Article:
It is a challenge to monitor the course of chronic hepatitis B. Patients still carry the Hepatitis B surface antigen (HBsAg) but have varying levels of viral DNA, HBeAg, and liver inflammation—and remain at risk for developing hepatocellular carcinoma (HCC). Two papers in this month’s issue of Gastroenterology investigate Hepatitis B surface antigen (HBsAg) as a marker of disease progression.
Quantification of serum levels of HBsAg can be used to distinguish carriers of inactive virus from those with active infection. Maurizia Rossana Brunetto et al. tracked serum levels of HBsAg (along with HBV DNA, transaminases, and other markers of virus activity) in 209 carriers of HBV genotype D for an average of 29 months. They found that levels of HBsAg were significantly lower in carriers of inactive viral infections (below 1000 IU/mL in more than 90% of patients with inactive virus but only 5.7% of patients with active, chronic infections), compared with active ones. Quantification of both HBV DNA (<2000 IU/mL) and HBsAg (<1000 IU/mL) accurately identified almost 95% of inactive carriers. The authors concluded that this noninvasive test might improve management of patients with chronic HBV infection—loss of HBsAg has been associated with a sustained virologic response to antiviral therapies. However, the tests require validation in a larger cohort, patients with different HBV genotypes, and those at earlier stages of infection. See accompanying video abstract by Dr. Brunetto.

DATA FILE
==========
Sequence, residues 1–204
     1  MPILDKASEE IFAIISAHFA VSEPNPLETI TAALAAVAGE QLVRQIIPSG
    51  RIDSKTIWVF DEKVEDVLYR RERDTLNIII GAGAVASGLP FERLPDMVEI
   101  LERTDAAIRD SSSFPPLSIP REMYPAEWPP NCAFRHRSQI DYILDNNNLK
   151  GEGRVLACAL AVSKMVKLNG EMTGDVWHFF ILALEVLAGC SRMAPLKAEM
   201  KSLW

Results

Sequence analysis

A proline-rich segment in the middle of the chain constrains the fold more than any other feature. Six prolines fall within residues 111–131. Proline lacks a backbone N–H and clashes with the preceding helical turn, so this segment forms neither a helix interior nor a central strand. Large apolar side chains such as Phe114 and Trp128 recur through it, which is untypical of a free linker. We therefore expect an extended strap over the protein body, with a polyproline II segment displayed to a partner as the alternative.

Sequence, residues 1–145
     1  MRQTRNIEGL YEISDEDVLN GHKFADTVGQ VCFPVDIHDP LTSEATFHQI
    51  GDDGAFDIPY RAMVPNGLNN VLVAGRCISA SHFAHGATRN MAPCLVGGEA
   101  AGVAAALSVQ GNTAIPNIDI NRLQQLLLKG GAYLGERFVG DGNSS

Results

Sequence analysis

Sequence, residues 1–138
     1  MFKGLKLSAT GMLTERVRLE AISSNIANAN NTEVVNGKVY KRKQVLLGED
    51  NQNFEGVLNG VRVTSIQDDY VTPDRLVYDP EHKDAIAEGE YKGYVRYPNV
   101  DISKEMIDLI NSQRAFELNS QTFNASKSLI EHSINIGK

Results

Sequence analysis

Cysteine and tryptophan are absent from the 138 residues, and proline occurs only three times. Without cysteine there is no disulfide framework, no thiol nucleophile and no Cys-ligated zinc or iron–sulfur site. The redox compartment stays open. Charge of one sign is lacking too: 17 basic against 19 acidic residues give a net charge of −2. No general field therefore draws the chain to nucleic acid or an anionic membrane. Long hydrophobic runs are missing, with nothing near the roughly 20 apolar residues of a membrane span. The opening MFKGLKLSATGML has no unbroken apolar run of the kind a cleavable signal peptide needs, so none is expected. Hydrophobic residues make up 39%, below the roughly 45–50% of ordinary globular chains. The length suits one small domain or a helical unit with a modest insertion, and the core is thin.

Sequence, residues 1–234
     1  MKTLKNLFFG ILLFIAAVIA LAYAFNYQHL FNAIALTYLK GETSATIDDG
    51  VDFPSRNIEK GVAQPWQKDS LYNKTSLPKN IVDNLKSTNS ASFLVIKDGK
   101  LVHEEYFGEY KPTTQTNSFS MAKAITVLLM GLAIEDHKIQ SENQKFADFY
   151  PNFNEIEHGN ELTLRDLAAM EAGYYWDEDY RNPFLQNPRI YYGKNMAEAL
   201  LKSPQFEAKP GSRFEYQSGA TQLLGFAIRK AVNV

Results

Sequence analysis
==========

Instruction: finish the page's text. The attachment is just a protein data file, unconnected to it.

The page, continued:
What factors contribute to loss of HBsAg? Jessica Liu et al. followed 3087 patients with chronic HBV infections for 8 years; 562 trial participants cleared HBsAg. Surprisingly, older age, lower baseline levels (or rapid loss) of HBV DNA, cigarette smoking, and the presence of obesity were all correlated with sero-clearance. The authors proposed that antiviral therapy to lower serum levels of HBV DNA (lower viral load) maximizes chances of HBsAg clearance—once HBV DNA reached undetectable levels, it took patients about 100 months to clear the viral antigen. Further studies are needed to determine how smoking and obesity might clear the virus. See accompanying video abstract by Ms. Liu.
In an accompanying editorial Brian McMahon points out that although patients with inactive virus (based on loss of HBsAg) do not develop liver decompensation or cirrhosis, some still develop HCC. This might be because low levels of HBV can still integrate into the DNA of hepatocytes and transform the cells. Patients that have cleared HBsAg should therefore still be monitored for signs of liver cancer.
More Information on Hepatitis B:
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Read the articles online:
Brunetto MR, Oliveri F, Colombatto P, et al. Hepatitis b surface antigen serum levels help to distinguish active from inactive hepatitis b virus genotype d carriers. Gastroenterology 2010;139:483–490.
Liu J, Yang H–I, Lee M–E, et al. Incidence and determinants of spontaneous hepatitis b surface antigen seroclearance: a community-based follow-up study. Gastroenterology 2010;139:474–482.
Read the accompanying editorial:
McMahon, B.J. Hepatitis b surface antigen (HBSAG): a 40-year-old hepatitis b virus seromarker gets new life. Gastroenterology 2010;139:380–382